It was his first experience of that African current which, setting across the ocean, plunges hereabouts into the Caribbean Sea, and, sweeping around the great gulf, passes north in what we know as the Gulf Stream.
Columbus was as yet ignorant, too, of the great masses of water which the many mouths of the Orinoco discharge along this shore; and when at night a great roaring billow of water came across the channel, — very likely an unusual volume of the river water poured out of a sudden, — and he found his own ship lifting at her anchor and one of his caravels snapping her cable, he felt himself in the face of new dangers, and of forces of nature to which he was not accustomed.
To a seaman’s senses not used to such phenomena, the situation of the ships was alarming.
Before him was the surging flow of the current through the narrow pass, which he had already named the Mouth of the Serpent (Boca del Sierpe).
To attempt its passage was almost foolhardy. To return along the coast stemming such a current seemed nearly impossible.
He then sent his boats to examine the pass, and they found more water than was supposed, and on the assurances of the pilot, and the wind favoring, he headed his ships for the boiling eddies, passed safely through, and soon reached the placid water beyond.
The shore of Trinidad stretched northerly, and he turned to follow it, but somebody getting a taste of the water found it to be fresh.
Here was a new surprise. He had not yet comprehended that he was within a landlocked gulf, where the rush of the Orinoco sweetens the tide throughout.
As he approached the northwestern limit of Trinidad, he found that a lofty cape jutted out opposite a similar headland to the west, and that between them lay a second surging channel, beset with rocks and seeming to be more dangerous than the last.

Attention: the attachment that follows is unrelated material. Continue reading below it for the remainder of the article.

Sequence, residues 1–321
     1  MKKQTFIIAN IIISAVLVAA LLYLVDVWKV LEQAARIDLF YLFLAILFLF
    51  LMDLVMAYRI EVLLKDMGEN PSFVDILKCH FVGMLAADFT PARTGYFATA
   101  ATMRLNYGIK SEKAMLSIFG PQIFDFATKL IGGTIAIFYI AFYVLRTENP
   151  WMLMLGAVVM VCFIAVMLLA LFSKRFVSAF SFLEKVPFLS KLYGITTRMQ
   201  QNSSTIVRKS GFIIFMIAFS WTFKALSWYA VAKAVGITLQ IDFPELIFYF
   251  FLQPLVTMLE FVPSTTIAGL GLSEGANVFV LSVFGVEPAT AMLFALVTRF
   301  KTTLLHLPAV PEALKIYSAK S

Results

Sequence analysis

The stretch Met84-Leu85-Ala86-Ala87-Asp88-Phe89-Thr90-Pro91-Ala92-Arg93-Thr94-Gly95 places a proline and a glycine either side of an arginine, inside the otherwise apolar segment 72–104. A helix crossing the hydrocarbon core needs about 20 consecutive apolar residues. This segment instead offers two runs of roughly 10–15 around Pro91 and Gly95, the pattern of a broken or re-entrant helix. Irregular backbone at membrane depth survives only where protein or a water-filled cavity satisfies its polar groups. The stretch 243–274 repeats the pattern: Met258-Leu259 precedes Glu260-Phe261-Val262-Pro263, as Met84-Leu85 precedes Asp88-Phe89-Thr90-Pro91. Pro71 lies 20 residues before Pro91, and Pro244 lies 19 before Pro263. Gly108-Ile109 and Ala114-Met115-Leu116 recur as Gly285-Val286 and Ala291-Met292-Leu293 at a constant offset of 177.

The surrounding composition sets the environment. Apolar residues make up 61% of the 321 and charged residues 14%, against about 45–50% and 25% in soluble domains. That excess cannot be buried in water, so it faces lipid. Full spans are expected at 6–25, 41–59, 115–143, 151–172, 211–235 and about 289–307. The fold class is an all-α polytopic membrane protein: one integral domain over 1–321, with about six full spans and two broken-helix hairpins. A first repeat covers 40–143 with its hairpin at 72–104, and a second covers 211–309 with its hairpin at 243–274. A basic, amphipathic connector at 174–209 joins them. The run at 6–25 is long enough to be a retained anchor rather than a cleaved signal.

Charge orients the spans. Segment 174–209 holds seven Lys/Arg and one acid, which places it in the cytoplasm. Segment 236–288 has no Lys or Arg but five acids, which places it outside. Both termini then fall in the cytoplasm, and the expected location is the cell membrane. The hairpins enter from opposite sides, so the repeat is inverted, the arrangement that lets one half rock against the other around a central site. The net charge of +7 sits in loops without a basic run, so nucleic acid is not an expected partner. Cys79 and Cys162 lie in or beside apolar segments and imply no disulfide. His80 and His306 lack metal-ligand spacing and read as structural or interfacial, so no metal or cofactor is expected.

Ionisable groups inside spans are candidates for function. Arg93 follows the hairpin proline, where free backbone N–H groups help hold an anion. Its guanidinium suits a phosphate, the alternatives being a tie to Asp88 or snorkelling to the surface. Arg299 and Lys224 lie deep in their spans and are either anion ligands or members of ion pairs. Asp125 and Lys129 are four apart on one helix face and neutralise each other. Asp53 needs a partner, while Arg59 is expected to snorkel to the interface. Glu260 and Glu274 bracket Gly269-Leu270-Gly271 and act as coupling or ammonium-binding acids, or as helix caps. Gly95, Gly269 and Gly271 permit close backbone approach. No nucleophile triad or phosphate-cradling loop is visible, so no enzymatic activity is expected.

So he gave it a more ferocious name, the Mouth of the Dragon (Boca del Drago).
To follow the opposite coast presented an alternative that did not require so much risk, and, still ignorant of the way in which his fleet was embayed in this marvelous water, he ran across on Sunday, August 5, to the opposite shore.
He now coasted it to find a better opening to the north, for he had supposed this slender peninsula to be another island.
The water grew fresher as he went on.
The shore attracted him, with its harbors and salubrious, restful air, but he was anxious to get into the open sea.
He saw no inhabitants.
The liveliest creatures which he observed were the chattering monkeys.
At length, the country becoming more level, he ran into the mouth of a river and cast anchor.
It was perhaps here that the Spaniards first set foot on the continent.
The Columbus Commemorative Gold Five-Dollar Coin shows with an image of the monument honoring the adventurer on the southern coast of Trinidad.